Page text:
Petrie, William M. Flinders
Illahun, Kahun and Gurob: 1889 - 1890 — London, 1891

Page: 21
Citation link: 
https://digi.ub.uni-heidelberg.de/diglit/petrie1891/0029
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0.5
1 cm
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THE TOMB OF MAKET.

21

to that of the previous publication of weights in
"Naukratis," '"A Season in Egypt," &c.

No.
4958

4900

4959
490c
4960
4902

4903
4961
4904
4962
4963

4905
4964
4906
4907
4908
4965
4966

4909
4967
4968
4910
4911

Material

Syenite, gy.
Syenite, gy.
Basalt, br.
Alabaster
Alabaster
Lead

Syenite, gy.
Syenite, gy.
Haematite
Basalt, br.
Syenite, gy.
Haematite

Haematite, bk.
Basalt, br.
Haematite, bk.
Lead

Haematite, bk.
Calcite
Syenite, gy.

Form Present Ch. Ancient X

Kat standard (12)

11 5623 .. .. 40

117'174 1412-0 .. .. 10

38-43 1416-6 .. .. 10

86 5682 .. .. 40

79-110 284-6 .. .. 2

64 142-9 2? 1

2-10 3592-8 .. .. 25

54 5748 .. .. 4°

2-4 720-1 ., .. 5

48-49 1472-3 .. .. 10

2-4 5890 .. .. 40

49-52 149-3 •■ •• I

Assyrian Shekel (7)

49 363-9

62
52-82
63
49
48
2-38

2487-1

62-7

2523-2

127-3

63"9
2556-1

3° 253o

Attic Drachma (5)

Syenite, gy. 54 2625-8

Sandstone 84 2635 • 6

Bronze, PI. xxn, 17 133-1

Alabaster 16 3305-8

Lead 52-108 415-6

2626

1-5 132

4912 Lead

4969 Limestone

4970 Syenite, gy.

4971 Sandstone

4972 Syenite, gy.

4973 Basalt, br.

4974
4975

Syenite, gy.
Haematite

Aeginetan Stater (4)
108 179-0 16

56 12180-
11 8190
84 2081-7

Phoenician Shekel (2)
2 5294
62 1380-2

Eighty grains (2)
117 1568-8

49

157-0

408

192
12181
8230

1381

I57-3

3
20

i

20
1

40

40

2


6

Unit

140-6
I4I-2
I4I-7
142-0
142-3
142-9
I43'7
I43-7
I44-°
147-2
147-2
I49-3

I2I-3
124-4
125-4
126-5
127-3
127-8
127-8

65-6
65-9
66-o
66-1
68-o

I
60
40
10

25
6

192-0
203-0
205-7

208-2

2II-8

230-2

78-4
78 6

The foreign character of the weights here is then
well maintained by the larger number we have now
got. Only I of all the weights are on the Egyptian
standard ; and of those nearly half are of the foreign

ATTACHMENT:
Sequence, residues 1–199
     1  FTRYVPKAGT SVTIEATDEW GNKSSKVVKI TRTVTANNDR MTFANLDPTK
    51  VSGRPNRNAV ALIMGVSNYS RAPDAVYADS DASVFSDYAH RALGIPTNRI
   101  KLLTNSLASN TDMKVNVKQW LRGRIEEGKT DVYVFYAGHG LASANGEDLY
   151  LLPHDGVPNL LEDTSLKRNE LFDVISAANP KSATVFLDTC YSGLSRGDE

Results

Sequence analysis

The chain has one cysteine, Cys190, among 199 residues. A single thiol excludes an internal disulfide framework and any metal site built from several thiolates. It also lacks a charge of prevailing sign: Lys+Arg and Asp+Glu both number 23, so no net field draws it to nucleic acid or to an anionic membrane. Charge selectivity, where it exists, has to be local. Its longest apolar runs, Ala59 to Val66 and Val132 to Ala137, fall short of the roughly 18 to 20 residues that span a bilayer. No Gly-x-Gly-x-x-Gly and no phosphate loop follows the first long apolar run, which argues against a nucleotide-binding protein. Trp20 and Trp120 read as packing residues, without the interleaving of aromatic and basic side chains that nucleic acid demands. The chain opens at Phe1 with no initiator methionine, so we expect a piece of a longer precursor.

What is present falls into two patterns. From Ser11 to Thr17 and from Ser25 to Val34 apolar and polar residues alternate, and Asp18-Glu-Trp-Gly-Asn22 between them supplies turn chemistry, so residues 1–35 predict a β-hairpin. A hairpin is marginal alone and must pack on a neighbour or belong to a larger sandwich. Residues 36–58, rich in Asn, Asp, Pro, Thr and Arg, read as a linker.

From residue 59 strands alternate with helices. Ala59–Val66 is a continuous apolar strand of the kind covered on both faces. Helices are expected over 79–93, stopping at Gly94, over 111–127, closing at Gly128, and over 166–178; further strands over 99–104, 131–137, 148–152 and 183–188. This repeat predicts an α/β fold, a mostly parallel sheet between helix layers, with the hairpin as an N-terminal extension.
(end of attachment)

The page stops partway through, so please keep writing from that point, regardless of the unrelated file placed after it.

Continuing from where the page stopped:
materials, alabaster, lead, and haematite. Thus only
a fifth of all the weights are regular Egyptian: and
there is not a single example of the typical domed
form. The Phoenician weight No. 4973 might at first
seem to be a low variety of the uten ; but it is marked
O llllll, 6 units, proving it to belong to the Phoenician
system. This is similar to two weights from Gebelen,
which are of the same rectangular form, one of 1473 ■ 3
marked mill, the other of 14700 marked nnnnnn ;
giving units of 245 • 5 and 245 • grains, or the same
Phoenician standard.

CHAPTER V.

THE TOMB OF MAKET.

43. This tomb is in the town of Kahun. Many of
the houses of the Xllth dynasty there have rock cut
cellars, which were closed by massive trap-doors of
wood, recessed into a seat and hinging in the stone.
One of these cellars became known to people of the
XlXth dynasty, and they cleared it, and probably
enlarged it, to form a family tomb (see plan in corner
of Pl. XIV). The first and last chamber is cut in the
rock alone ; the middle chamber is roofed and lined
with blocks of fine white limestone. One of these
roof blocks broke across, and fell on the coffins, some-
what crushing them; this entailed a very difficult
matter, of shifting the block weighing many hundred-
weights off from the coffins, without any firm foothold
to stand on so high up (as it lay on two coffins one on
the other), and a risk of its falling over on one by the
whole mass of half rotted coffins giving way with the
weight in shifting it.

The tomb chambers contained in all twelve coffins,
beside two boxes for babies. These coffins were
mostly stacked two deep, and nearly filled the two
inner chambers. When we first opened this tomb I
was on the spot watching it; and the entrance to the
middle chamber was so blocked by two coffins one on
the other that it was impossible for any one to pass.
I only allowed the principal lad of the party to come
below ; and then—half stripped—I set to work on the
clearance. Nothing was moved in the whole place,
except by my own hands ; everything as moved was
noted as to its position, and handed into the outer
chamber to the lad, who was a trusty fellow, the same
who worked Horuta's tomb. Thus there was no
confusion, and I worked on steadily nearly all da}',
opening the coffins and recording all the things as
they lay. The burials had evidently been successive,
and things had been shifted to make way for the later
comers. Each of the box coffins contained several
bodies, some holding five or six, piled one on the other.
The coffins were in tolerably firm condition ; but the
bodies and wrappings were all reduced to black
powder which crushed up with a touch. The work
was hardly cleaner than a chimney-sweep's. I was
streaming with perspiration, and coated with black
sooty dust of the mummies and cloth. Most of the
small objects were found in oval baskets of the Nubian
type, with woven patterns on the sides, and a ridge
lid. These baskets were all too much rotted to
loading ...